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Hands-on review: Corsair’s Harpoon: All you could want from a wireless mouse

By Kai Ping Lew
Tue 21 May 2019
FYI, this story is more than a year old

The Harpoon RGB Wireless is Corsair’s culmination of its wireless mouse technology, put together in a surprisingly affordable package.

Positioned as a wireless mouse that delivers wired performance, the Harpoon comes equipped with Corsair’s new SLIPSTREAM wireless technology.

It weighs a measly 99g, coming in super light compared to other bulkier gaming mice in the market, and has a 10,000 DPI resolution.

The Harpoon can connect wirelessly via 2.4HGz and a USB dongle, Bluetooth connection, or a USB wired mode.

The 2.4GHz connection promises up to 30 hours of gaming with standard lighting and 45 hours without backlighting in a low-power mode.

Switching to the Bluetooth 4.2 connection allowed me to squeeze an extra 10 hours out of the mouse, which should be enough to last any gamer between charges.


The Harpoon features a sleek yet understated design.

Corsair manages to strike the perfect balance between having the right number and positioning of programmable buttons without making the Harpoon scream ‘ULTI GAMING MOUSE’.

The Harpoon has two programmable buttons within easy reach of the thumb on the left side of the mouse which are positioned in a way that still ensures they aren’t pressed by accident.

The sides have triangular rubber side grips that provide solid traction on the mouse while gaming, even if you have palms that tend to get sweaty.

The dual-prong clickers give the mouse a distinctive silhouette worthy of a name like ‘Harpoon’, while the body has a smooth matte finish and the backlit Corsair sail logo that would complement most gaming setups well.

One thing I really enjoyed about the design was the fact that its USB-A charging port slots right in between the two clickers.

This meant that I was able to still use the mouse while it was charging.

The mouse also has a small compartment underneath it that houses the USB dongle for 2.4GHz connections, which means you won’t lose it if it’s not your connection of choice, but also that it’s not far from hand if you need to use it.

I love the flexibility the mouse gave me - whether I wanted to go with wireless, wired, or with a minimal-port setup, the mouse had an option that met my needs.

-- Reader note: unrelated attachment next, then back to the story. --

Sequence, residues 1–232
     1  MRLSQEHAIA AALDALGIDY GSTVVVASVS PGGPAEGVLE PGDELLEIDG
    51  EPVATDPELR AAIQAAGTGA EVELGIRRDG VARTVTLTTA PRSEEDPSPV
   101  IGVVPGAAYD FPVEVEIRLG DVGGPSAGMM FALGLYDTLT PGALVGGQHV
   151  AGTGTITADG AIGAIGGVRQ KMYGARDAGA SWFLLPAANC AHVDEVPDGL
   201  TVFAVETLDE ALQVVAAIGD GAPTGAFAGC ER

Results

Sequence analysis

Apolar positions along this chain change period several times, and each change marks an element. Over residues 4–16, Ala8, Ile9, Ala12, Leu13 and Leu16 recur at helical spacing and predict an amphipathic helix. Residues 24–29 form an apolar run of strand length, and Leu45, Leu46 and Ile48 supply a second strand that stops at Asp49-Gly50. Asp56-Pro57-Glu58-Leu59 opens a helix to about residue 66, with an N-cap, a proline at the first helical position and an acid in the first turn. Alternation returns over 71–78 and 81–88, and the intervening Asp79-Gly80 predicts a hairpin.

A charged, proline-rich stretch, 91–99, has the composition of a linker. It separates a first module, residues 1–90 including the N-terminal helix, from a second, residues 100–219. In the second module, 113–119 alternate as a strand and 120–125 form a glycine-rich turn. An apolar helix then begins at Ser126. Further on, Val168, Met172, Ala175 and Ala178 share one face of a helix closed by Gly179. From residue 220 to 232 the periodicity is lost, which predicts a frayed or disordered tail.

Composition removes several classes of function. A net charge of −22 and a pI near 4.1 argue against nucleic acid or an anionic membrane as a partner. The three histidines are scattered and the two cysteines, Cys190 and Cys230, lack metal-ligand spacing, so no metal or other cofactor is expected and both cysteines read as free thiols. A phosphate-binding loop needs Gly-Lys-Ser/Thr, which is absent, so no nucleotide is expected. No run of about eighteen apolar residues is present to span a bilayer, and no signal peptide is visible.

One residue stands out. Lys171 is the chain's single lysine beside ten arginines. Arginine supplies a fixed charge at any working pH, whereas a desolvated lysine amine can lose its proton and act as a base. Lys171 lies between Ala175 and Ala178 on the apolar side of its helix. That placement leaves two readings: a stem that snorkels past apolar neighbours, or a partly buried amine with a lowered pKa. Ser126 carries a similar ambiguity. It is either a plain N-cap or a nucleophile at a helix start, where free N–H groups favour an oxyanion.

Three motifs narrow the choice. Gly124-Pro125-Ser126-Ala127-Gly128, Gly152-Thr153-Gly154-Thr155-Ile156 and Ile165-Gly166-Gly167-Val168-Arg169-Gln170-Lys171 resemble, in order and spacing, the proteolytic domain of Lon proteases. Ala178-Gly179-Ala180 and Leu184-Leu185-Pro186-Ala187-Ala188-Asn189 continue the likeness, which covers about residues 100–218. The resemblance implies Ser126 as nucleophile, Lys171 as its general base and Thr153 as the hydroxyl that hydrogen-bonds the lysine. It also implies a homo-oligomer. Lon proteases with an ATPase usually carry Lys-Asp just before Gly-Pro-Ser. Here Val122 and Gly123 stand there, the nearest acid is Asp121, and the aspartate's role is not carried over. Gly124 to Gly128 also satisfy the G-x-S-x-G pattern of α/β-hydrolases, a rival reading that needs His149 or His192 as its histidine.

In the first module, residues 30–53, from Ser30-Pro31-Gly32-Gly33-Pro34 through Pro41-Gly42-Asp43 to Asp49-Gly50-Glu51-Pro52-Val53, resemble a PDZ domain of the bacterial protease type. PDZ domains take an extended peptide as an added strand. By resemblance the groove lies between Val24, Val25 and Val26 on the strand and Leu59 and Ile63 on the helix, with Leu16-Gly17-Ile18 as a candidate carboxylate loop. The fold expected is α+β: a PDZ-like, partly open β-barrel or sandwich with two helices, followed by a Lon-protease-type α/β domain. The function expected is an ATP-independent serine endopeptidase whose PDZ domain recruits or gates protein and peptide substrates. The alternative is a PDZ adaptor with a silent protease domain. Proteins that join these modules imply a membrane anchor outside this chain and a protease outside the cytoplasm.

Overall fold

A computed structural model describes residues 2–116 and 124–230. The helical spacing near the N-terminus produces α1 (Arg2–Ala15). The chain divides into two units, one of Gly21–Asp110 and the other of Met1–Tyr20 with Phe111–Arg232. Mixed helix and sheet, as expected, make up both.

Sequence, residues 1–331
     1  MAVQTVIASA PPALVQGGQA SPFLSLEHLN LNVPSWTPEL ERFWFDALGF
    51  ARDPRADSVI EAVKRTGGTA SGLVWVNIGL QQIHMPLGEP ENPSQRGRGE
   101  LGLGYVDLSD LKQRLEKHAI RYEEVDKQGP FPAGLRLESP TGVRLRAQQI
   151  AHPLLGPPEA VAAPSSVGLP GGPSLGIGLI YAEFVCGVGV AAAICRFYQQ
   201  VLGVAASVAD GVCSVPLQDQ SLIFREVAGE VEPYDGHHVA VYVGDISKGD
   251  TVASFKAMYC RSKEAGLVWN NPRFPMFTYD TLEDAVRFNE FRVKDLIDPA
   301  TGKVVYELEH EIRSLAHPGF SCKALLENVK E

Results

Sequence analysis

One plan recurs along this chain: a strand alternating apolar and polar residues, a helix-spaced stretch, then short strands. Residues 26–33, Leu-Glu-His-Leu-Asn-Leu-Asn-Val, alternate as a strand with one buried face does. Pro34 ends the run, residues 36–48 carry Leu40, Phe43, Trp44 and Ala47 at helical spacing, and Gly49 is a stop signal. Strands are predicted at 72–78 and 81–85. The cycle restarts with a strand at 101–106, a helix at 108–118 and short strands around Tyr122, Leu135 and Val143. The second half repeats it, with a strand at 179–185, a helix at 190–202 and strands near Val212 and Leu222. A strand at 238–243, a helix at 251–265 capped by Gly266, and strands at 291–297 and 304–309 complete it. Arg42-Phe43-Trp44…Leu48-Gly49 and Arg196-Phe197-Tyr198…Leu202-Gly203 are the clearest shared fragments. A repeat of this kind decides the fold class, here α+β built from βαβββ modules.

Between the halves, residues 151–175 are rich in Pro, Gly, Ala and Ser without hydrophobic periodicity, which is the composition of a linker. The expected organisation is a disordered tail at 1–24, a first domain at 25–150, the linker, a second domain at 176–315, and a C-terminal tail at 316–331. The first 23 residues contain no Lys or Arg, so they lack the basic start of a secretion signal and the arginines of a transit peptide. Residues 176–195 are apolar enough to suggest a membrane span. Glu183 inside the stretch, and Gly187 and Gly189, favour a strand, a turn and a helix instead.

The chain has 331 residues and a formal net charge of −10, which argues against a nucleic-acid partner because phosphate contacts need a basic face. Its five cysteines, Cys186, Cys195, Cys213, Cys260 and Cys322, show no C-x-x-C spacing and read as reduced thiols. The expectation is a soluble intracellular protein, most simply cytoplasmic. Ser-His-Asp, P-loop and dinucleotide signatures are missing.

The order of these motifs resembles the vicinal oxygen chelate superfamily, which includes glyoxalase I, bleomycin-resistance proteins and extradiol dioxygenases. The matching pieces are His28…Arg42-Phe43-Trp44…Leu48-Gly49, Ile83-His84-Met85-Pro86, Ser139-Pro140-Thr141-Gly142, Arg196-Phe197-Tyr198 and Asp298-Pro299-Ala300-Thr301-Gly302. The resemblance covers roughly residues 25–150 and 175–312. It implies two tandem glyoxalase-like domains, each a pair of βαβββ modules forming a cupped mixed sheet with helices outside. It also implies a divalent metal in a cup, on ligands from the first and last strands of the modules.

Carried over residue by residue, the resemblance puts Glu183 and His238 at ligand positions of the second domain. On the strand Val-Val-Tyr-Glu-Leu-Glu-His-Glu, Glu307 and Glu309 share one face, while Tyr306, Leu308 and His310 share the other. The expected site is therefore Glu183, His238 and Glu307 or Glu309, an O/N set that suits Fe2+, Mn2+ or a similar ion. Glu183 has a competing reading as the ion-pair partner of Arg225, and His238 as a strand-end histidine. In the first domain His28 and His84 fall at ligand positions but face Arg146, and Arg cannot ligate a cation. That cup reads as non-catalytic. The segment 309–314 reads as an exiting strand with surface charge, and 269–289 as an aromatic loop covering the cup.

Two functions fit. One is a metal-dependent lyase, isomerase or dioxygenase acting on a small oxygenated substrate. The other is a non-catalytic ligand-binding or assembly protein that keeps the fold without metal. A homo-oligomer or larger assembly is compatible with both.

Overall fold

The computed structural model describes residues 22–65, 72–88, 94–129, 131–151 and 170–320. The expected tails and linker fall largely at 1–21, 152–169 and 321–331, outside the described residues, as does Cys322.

Finally, the mouse is really compact compared to some of the other gaming mice available in the market.

This might bother gamers who are used to mice with adjustable weights, but for my smaller palm size, I was pleasantly surprised by how it fit.

This makes the Harpoon a highly viable wireless mouse option for female gamers.

The Harpoon is aimed at both claw and palm grippers.

Personally, as a palm gripper, I loved the curve of the mouse, which fit really comfortably into my hand. I got used to the way the mouse felt within a few hours.

I was able to use the mouse for hours and hours on end without any cramping or discomfort, something I’ve come to expect from the contoured form factor of gaming mice, and the Harpoon did not disappoint.


The Harpoon is a beast when it comes to performance.

Corsair’s new wireless SLIPSTREAM technology promises 50% faster wireless connectivity compared to the previous generation of wireless Corsair mice.

This means sub-1 millisecond point-to-point wireless latency.

Using the mouse, I found that it had virtually zero latency and was highly responsive to even the most subtle wrist movements, which means I didn’t have to make extra or unnecessary movements for the cursor to get it where I needed it to be.

The Harpoon features a centre button that can adjust DPI quickly, which I found particularly useful for first-person shooter games when you need to switch between a high DPI for quick viewfinding and a low DPI for sniper accuracy.

The fact that it’s a physical button means that this can be done by feel alone – perfect for moments when taking your eyes off the screen for even a second could cost your life, or worse – cost your guild the raid.

I liked that I could use Corsair’s iCUE software to programme the different DPI settings on the mouse and customise the LED lighting so it corresponded in a way that made sense to me, so I knew immediately which DPI I was on.

The Harpoon also comes with onboard flash memory, which means the DPI and lighting that I worked so painstakingly to tune to my liking can be saved to the mouse’s onboard memory and will stay the same if I connect it to another device.


At the highly reasonable RRP of $109, the Harpoon packs a surprisingly powerful punch for its price point.

The only wireless mouse that comes anywhere near in the price point is the Razer Atheris which compromises significantly on performance with a much lower DPI and has AA batteries instead of rechargeable lithium ions.  

It performs well on all metrics, and the only complaint against it is that it’s a solely right-handed mouse and can’t be configured for left-handed use.

There’s something to be said about the clean and clutter-free feeling of a wireless gaming setup.

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